Tax treaties establish a mutual understanding of how the tax regime of one country will interface with that of another, thus removing any uncertainty about the tax implications associated with doing business, working or visiting abroad. Such an understanding can be achieved by allocating the right to tax between the two countries together with incorporating measures that resolve disputes and eliminate double taxation. All these measures promote certainty and stability, and help produce a better business climate.
Tax treaties, including the ones enacted in this bill, are specifically designed to facilitate trade, investment and other activities between Canada and its treaty partners. They are developed with two main objectives in mind: the avoidance of double taxation and the prevention of tax evasion.
The first and perhaps most important objective of tax treaties is the avoidance of double taxation. This occurs when a taxpayer lives in one country and earns income in another. Without a tax treaty in place to set out the tax rules, this income can be taxed in both countries. In other words, income can be taxed twice.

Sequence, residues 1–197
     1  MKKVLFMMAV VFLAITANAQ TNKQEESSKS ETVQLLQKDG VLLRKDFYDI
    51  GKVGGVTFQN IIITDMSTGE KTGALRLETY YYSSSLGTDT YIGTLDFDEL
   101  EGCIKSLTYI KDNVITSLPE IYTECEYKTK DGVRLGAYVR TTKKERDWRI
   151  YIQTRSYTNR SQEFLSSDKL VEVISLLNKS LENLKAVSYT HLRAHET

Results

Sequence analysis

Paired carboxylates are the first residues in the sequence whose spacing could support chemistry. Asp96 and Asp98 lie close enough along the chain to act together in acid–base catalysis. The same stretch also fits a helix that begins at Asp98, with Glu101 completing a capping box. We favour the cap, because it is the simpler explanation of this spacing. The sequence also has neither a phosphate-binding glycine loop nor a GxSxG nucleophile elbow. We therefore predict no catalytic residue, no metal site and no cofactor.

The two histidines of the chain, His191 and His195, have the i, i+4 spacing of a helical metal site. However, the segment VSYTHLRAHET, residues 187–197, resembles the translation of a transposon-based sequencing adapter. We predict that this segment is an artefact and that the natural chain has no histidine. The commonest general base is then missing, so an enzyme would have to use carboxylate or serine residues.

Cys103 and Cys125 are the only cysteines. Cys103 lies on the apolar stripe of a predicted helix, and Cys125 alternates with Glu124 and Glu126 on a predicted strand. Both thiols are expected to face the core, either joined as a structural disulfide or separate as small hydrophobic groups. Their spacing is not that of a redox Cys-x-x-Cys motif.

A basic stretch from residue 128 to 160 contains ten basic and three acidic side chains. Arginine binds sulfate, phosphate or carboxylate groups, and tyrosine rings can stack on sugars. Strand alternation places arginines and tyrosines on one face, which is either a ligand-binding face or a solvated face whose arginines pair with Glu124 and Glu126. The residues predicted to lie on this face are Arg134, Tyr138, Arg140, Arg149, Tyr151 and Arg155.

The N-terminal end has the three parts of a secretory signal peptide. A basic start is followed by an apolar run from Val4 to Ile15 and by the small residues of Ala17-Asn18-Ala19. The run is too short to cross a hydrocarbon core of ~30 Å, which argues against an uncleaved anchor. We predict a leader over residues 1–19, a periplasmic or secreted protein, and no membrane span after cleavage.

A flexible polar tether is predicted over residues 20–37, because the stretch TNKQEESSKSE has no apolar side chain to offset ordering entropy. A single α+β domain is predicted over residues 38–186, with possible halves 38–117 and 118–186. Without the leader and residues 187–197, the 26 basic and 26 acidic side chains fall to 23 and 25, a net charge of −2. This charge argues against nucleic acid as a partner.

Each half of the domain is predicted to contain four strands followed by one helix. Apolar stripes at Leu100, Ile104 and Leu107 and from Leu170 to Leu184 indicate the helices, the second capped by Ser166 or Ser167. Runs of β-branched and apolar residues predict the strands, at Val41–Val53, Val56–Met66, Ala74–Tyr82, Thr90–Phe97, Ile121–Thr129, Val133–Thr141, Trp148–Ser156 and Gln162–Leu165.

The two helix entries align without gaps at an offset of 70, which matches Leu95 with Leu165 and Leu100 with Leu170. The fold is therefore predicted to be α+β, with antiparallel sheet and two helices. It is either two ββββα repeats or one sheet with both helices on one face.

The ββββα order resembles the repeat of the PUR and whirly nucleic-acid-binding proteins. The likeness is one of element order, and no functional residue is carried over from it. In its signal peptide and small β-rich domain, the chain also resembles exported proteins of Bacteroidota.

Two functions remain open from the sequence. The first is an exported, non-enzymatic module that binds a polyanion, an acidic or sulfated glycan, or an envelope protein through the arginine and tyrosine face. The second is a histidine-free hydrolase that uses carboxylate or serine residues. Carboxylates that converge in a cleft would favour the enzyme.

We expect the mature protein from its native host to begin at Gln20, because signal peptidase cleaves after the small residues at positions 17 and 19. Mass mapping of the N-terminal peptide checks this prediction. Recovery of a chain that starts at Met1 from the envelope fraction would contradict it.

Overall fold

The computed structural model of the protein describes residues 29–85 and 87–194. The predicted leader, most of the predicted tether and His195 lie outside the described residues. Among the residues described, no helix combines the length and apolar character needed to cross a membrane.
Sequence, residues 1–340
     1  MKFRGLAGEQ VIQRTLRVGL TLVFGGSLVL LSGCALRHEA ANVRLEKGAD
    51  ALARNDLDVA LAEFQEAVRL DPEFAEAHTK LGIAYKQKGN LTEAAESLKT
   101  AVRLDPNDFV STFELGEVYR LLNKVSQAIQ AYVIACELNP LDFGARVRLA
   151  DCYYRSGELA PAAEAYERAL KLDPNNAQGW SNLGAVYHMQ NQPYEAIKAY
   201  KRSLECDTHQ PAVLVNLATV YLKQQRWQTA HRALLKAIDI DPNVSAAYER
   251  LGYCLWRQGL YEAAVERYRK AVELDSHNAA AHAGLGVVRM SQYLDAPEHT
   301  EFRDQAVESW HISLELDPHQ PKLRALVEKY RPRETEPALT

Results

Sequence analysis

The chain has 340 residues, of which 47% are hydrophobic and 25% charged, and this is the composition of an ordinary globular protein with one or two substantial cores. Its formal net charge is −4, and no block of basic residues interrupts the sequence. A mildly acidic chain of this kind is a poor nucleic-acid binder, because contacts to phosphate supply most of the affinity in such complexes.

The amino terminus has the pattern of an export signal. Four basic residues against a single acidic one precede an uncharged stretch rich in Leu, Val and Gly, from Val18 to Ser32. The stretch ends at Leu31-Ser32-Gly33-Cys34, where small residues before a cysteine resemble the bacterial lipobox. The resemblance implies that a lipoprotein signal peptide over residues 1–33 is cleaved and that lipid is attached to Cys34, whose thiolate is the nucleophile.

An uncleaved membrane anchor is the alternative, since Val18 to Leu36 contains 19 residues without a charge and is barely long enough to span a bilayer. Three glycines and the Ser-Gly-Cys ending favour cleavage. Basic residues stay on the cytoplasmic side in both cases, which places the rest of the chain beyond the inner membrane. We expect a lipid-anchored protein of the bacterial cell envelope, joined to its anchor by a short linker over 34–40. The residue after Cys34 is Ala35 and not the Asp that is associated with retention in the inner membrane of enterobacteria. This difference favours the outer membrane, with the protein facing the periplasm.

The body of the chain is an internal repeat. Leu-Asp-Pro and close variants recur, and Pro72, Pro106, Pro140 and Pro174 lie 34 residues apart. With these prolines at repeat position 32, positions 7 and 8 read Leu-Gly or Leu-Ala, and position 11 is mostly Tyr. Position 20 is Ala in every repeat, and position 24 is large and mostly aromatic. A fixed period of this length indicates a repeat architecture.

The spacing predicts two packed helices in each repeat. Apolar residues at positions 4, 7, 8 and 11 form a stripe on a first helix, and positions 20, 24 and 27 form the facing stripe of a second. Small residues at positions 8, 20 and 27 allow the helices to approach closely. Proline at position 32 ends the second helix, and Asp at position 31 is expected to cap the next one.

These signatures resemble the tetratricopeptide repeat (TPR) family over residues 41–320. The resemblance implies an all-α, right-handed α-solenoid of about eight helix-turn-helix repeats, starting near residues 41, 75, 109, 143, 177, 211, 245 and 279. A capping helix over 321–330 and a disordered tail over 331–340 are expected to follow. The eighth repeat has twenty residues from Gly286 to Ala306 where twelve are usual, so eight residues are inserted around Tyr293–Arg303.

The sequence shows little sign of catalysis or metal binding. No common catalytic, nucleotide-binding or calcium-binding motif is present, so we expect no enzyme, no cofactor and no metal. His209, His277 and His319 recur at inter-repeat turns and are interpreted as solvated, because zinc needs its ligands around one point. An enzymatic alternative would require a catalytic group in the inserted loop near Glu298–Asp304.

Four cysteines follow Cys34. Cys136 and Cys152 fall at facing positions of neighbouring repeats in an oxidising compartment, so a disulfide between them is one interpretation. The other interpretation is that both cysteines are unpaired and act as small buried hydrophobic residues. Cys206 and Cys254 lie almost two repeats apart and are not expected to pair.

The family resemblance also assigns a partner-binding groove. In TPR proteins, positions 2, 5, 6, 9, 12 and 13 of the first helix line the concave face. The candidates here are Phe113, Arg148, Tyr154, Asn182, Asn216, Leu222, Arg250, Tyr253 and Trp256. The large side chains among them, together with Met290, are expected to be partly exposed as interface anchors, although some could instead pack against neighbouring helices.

The absence of a tax treaty leaves open the threat of double taxation, which is, of course, of great concern to taxpayers.
To alleviate the potential for double taxation, a tax treaty between two countries allocates the exclusive right to tax with respect to a number of items. The other country is thereby prevented from taxing those items and double taxation is avoided.
As a rule, the exclusive right to tax is conferred on the state of residence.
For example, if a Canadian resident employed by a Canadian company is sent on a short term assignment, let us say for three months, to any one of the three treaty countries in this bill, Canada has the exclusive right to tax that person's employment income.